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Zimbabwe's Commercial Farmers' Union Decides Not to Pursue Class Action Lawsuit - 2002-08-22


Zimbabwe's Commercial Farmers' Union has decided not to press a class-action suit against the government for the arrests and expulsions of white farmers from their farms. Once powerful union has decided that it cannot challenge the government's land-reform program.

Commercial Farmers' Union President Colin Cloete said Wednesday, individual farmers who want to challenge the government in court should do so. But he said a class-action suit would be interpreted as hostility to land resettlement.

He said the union supports the government's land reform program, but said it is wrong for productive farmers to be arrested for growing food when the country was facing starvation.

The Commercial Farmers' Union abandoned court challenges a year ago, because it said it was more constructive to engage the government in dialogue.

The tactic has yet to achieve results and hundreds of farmers have been expelled from their homesteads.

Many angry farmers have demanded that the Commercial Farmers' Union take the government to court to challenge the constitutionality of the land seizures and the legality of their recent arrests.

Mr. Cloete returned early from holiday in South Africa when arrests of union members began late last week.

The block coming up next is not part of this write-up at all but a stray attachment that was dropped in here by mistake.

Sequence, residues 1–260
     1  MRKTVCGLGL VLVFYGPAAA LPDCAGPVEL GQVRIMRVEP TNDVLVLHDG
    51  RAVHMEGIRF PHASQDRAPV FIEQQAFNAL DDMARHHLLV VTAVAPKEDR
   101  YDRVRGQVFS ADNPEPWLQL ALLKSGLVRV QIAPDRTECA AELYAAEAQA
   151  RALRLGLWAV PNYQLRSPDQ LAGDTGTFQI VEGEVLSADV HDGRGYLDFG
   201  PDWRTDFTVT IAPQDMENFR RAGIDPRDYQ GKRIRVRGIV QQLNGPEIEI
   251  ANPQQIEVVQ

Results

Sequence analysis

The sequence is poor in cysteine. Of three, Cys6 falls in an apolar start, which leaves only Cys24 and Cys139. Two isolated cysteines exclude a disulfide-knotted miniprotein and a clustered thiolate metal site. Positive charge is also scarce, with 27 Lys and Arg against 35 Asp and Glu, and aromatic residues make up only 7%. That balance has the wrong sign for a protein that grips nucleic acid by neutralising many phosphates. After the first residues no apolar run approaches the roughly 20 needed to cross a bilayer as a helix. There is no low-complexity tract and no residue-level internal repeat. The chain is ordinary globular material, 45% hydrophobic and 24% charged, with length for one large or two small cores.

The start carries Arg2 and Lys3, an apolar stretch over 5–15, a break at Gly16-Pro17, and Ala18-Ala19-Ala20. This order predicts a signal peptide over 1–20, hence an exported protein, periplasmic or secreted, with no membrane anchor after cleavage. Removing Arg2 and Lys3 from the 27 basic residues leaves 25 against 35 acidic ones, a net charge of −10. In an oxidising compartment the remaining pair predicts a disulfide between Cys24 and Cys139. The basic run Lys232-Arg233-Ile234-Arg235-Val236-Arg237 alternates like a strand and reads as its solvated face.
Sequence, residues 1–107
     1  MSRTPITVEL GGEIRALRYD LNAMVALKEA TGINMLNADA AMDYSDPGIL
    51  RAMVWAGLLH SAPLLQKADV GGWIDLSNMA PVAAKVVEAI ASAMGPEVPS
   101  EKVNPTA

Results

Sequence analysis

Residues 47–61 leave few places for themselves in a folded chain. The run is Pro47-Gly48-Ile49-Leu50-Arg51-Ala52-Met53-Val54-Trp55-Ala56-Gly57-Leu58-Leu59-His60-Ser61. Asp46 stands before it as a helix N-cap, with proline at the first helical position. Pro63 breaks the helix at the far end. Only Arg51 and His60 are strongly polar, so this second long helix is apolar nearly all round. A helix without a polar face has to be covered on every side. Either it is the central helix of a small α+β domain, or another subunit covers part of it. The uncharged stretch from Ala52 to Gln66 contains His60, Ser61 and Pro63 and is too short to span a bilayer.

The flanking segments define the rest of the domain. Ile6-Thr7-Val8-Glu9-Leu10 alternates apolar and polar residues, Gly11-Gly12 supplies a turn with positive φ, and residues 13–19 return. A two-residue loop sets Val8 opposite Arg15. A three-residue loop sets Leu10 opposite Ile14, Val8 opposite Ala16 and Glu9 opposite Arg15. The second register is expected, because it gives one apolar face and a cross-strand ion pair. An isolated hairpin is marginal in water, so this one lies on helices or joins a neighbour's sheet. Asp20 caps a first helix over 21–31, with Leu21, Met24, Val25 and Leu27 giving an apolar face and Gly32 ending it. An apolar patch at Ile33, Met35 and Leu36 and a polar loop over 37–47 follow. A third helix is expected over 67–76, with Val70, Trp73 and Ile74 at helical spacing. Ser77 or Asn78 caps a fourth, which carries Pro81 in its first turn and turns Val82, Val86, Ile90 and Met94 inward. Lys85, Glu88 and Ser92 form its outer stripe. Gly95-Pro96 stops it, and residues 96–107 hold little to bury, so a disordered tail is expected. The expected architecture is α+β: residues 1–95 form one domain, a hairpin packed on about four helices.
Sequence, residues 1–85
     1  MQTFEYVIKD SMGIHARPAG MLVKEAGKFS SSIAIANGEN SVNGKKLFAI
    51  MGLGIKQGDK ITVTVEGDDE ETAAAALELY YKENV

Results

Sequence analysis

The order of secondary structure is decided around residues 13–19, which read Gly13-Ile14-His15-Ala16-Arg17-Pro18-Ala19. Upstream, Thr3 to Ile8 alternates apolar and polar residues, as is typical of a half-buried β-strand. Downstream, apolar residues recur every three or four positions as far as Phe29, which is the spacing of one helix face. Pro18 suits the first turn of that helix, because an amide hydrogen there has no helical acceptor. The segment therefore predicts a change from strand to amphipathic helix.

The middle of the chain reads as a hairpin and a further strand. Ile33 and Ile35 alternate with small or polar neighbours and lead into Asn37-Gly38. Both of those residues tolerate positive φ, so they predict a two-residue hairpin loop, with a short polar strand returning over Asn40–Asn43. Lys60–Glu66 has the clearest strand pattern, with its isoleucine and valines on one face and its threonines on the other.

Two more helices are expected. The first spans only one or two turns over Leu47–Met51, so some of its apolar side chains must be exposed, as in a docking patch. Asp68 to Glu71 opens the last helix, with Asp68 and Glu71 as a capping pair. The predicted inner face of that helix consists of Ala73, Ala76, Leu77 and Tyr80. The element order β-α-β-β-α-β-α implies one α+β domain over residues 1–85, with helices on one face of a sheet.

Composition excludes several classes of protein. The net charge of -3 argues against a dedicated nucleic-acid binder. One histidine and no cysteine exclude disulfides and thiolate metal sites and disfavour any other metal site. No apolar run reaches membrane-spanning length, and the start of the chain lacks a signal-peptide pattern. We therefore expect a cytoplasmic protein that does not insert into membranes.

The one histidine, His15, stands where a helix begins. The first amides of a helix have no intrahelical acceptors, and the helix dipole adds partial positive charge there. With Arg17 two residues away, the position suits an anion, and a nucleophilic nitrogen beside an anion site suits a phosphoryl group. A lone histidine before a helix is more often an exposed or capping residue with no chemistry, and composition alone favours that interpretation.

He handed himself over to the police and was arrested and charged, released on bail, and then refused permission to return to his farm where he is growing winter wheat.

He was among a group of more than 200 farmers who stayed on their farms beyond an August 8 government deadline for thousands of white farmers to leave.

Mr. Cloete said many farmers were obeying new laws to pay off workers with terminal benefits, but he cautioned the benefits would only last a few months. He said the workers would then be unemployed and homeless, since they would no longer be able to retire on the white-owned farms as they had in the past.

He predicted a massive human tragedy with the forced removals of 1.2 million workers and their families. The workers will lose their jobs as the forced expulsion of 95 percent of white commercial farmers is completed.

Zimbabwe's welfare ministry has provided no assistance to thousands of farm workers and their families who have been evicted from their homes in the past 30 months.

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